On Wednesday night, the New Jersey Devils defeated the Los Angeles Kings, 3-1, in Game 4 of the 2012 Stanley Cup Finals to avoid a series sweep. The series returns to New Jersey for Game 5, scheduled for June 9 at 8 p.m. EDT.
The Kings have dominated in the 2012 Stanley Cup playoffs with a 15-3 overall record, but at home, the record is a pedestrian 5-3.
Also, the Kings have closed out only one playoff series on the first try, as all three of their losses have come in a Game 4 after going up 3-0.
Keeping that in mind, Wednesday night’s loss was predictable.
Adam Henrique saved the Devils from elimination again in these playoffs. In Round 1, Henrique scored in double overtime of Game 7 to send the Florida Panthers home.
In the Eastern Conference Finals, he scored another overtime goal, this time in Game 6, against the New York Rangers. Henrique, just a rookie, has become New Jersey’s most clutch performer in the playoffs.
History repeated itself in Game 4. If history repeats itself again in Game 5, the Los Angeles Kings will hoist the Stanley Cup at the Prudential Center on Saturday night.
The Kings will win Game 5 in overtime. Los Angeles has won its previous two Game 5s in overtime.
The Kings lead all playoff teams in penalty kill percentage (93.1 percent) and goals against average (1.50), which shows their defensive strength.
Look for Game 5 to be low-scoring. After all, the Kings have outscored the Devils in the series 9-5 through four games.
Expect another rock-solid performance from Vezina Trophy candidate Jonathan Quick, who has clearly been the hottest goaltender in the 2012 Stanley Cup Playoffs.
Amongst goaltenders with more than two minutes of ice time, Quick ranks second in both goals against average (1.39) and save percentage (.948). Most importantly, Quick has led his team to 15 playoff victories.
If history repeats itself, Devils goaltender Martin Brodeur will let in an overtime goal. Brodeur surely would not want to end his Hall of Fame career on a sour note.
The Devils should play extremely motivated in Game 5, so the all-time wins leader can play at least one more game. With this matchup in New Jersey, the fans will do everything in their power to keep Brodeur playing in 2012.
Another thing working in New Jersey’s favor is the Kings’ anemic power play unit. In the 2012 Stanley Cup playoffs, Los Angeles has a 10.8 percent power play success rate.
In Game 4, no Devils player had a negative plus/minus rating. Both teams acquired six penalty minutes, and the Devils kept up with the Kings shooting the puck.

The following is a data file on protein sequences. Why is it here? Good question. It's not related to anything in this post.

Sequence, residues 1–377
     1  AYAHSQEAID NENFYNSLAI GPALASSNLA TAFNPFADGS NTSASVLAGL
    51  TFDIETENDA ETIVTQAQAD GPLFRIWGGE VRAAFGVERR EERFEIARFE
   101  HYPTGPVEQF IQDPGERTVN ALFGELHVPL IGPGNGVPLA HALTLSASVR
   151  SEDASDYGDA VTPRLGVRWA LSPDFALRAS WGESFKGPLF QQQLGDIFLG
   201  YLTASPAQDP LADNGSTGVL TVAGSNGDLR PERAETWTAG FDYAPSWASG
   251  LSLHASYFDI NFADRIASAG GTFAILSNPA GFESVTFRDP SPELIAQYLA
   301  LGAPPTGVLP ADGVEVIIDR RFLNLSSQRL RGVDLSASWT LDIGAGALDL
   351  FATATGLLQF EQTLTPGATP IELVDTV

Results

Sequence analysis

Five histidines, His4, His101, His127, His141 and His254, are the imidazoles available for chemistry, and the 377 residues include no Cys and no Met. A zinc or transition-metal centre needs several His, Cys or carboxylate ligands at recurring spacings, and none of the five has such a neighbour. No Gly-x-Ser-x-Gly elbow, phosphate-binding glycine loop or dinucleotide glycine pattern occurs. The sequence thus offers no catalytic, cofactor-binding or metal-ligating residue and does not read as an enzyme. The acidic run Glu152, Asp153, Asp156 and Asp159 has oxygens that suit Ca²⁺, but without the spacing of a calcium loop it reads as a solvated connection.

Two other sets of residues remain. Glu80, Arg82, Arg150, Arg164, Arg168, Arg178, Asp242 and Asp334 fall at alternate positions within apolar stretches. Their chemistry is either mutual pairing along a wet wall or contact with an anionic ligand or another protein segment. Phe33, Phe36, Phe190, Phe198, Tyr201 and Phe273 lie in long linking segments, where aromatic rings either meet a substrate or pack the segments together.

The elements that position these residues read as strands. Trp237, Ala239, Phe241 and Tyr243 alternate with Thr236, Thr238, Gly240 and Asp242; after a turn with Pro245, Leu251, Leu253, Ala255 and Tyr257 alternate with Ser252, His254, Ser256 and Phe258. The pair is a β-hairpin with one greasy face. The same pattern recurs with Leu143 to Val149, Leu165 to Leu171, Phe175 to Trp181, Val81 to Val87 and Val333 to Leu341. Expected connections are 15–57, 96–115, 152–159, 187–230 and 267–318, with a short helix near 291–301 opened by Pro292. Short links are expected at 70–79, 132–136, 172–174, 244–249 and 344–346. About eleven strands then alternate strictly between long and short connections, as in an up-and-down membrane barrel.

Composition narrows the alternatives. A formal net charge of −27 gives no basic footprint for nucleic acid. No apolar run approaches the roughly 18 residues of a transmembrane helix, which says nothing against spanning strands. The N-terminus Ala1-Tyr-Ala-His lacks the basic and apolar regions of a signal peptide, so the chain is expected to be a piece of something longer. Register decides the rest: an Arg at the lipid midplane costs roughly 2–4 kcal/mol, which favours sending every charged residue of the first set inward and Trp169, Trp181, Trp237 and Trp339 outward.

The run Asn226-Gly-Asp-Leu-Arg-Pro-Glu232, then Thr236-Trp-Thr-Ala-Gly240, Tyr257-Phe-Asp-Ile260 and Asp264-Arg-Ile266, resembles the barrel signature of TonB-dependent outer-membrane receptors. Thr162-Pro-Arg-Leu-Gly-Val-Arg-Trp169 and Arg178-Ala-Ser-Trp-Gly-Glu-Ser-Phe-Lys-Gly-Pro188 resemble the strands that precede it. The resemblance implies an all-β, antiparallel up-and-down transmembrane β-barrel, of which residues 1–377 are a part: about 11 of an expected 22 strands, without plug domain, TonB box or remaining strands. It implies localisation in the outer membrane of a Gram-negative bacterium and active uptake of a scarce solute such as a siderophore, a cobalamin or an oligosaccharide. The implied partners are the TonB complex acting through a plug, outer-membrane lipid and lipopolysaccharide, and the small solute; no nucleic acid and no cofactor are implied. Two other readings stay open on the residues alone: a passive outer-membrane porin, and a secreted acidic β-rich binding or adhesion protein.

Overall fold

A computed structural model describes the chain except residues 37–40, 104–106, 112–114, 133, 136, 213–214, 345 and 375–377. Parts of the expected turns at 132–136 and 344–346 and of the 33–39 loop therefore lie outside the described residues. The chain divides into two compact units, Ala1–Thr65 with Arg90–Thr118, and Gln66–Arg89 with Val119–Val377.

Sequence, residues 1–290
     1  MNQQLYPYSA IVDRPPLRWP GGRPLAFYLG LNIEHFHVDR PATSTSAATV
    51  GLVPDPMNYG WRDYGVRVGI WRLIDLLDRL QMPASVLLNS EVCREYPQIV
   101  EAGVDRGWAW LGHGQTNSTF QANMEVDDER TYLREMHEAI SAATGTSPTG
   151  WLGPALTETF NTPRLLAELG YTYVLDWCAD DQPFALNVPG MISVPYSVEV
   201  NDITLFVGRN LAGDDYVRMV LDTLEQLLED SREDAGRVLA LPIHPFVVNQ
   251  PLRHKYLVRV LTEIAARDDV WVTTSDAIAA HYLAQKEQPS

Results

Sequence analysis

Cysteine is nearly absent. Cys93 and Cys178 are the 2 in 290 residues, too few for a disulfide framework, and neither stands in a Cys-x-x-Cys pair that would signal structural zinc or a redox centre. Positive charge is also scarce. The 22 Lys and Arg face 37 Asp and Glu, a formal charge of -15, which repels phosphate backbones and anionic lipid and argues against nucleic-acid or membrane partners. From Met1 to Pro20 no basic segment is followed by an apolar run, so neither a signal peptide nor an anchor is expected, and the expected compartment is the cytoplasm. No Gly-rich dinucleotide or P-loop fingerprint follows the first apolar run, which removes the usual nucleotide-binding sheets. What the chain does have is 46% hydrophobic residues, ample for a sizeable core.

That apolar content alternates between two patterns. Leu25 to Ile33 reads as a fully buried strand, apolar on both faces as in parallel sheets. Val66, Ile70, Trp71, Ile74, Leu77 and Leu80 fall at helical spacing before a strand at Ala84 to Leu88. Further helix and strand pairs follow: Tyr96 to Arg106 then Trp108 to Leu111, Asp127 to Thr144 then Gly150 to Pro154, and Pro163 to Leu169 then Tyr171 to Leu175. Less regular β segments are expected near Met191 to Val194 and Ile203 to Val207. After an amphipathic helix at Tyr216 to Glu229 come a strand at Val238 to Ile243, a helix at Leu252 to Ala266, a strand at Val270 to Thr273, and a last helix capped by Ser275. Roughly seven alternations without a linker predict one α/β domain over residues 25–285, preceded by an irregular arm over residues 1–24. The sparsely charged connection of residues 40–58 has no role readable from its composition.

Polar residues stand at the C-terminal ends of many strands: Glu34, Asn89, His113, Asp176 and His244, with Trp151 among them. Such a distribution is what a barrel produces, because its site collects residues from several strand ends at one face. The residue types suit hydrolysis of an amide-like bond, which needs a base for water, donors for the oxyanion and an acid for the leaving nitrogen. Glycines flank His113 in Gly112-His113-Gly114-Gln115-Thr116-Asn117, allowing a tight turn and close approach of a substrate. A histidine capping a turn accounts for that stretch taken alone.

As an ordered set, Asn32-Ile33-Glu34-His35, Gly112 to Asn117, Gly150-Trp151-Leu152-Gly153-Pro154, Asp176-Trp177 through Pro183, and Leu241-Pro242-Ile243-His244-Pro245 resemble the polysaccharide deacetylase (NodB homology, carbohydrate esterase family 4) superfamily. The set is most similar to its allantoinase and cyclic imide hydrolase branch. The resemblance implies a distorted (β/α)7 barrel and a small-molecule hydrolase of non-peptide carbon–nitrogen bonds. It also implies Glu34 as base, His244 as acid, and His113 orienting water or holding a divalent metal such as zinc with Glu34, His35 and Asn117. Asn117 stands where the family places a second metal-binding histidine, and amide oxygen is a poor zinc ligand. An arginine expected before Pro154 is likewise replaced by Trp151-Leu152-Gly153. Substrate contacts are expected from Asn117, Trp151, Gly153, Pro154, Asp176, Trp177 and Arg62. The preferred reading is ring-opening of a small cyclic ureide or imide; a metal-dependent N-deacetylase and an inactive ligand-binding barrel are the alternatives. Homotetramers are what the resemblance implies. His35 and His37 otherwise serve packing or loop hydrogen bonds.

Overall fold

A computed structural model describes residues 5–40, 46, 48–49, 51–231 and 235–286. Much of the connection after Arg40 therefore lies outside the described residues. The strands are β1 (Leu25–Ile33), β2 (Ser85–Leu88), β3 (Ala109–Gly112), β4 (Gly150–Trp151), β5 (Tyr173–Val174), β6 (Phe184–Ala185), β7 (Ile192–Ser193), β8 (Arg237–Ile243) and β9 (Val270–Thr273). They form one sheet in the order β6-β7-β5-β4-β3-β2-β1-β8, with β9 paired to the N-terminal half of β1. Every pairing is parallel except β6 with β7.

New Jersey head coach Peter DeBoer had to be satisfied with his new lineup. Defenseman Henrik Tallinder returned to the ice after missing nearly the last five months of the season, while Petr Sykora provided the Devils with some veteran leadership and Stanley Cup Finals experience when he returned to the lineup after being a healthy scratch in the Eastern Conference Finals.
After winning Game 4, and bringing the series back to the Prudential Center, the Devils have picked up some momentum heading into Game 5. The Kings will kill this momentum quickly.
With a 10-0 road playoff record, Los Angeles has not lost away from Staples Center in the 2012 Stanley Cup playoffs. Game 5, of course, is a road game for the Kings.
The Kings have not let a playoff series get past five games this season.
Los Angeles leads all playoff teams with a positive 19 plus/minus rating. Four Kings players have at least a positive 10 plus/minus rating, compared to only one for the Devils (Henrique).
Both squads are under a lot of pressure heading into Game 5. The Kings want to win the first Stanley Cup championship in franchise history. Their undefeated road record suggests they will have no problem completing the task Saturday night.
The Devils, though, are playing at home for their fans and for Brodeur.
They beat the Kings in Game 4, so they must repeat what worked Wednesday night to avoid losing the cup.
This season could be magical for New Jersey, which has no guarantee that either Brodeur or captain Zach Parise will return to the team next season.
12 players who suited up for the Devils this season are at least 30 years old. Half of these players are at least 35 years old. This means many Devils may not have another opportunity to win the Stanley Cup championship.
On the other side, the Kings have only sent out six players this season on the wrong side of 30. Their younger nucleus will have more chances to win the Stanley Cup than the current Devils squad.
New Jersey has desperation on its side in Game 5, but Los Angeles has history on its side. History will prove victorious on Saturday night, as it has many times before. To witness history, watch Game 5 of the 2012 Stanley Cup Finals at 8 p.m. EDT on Saturday, June 9.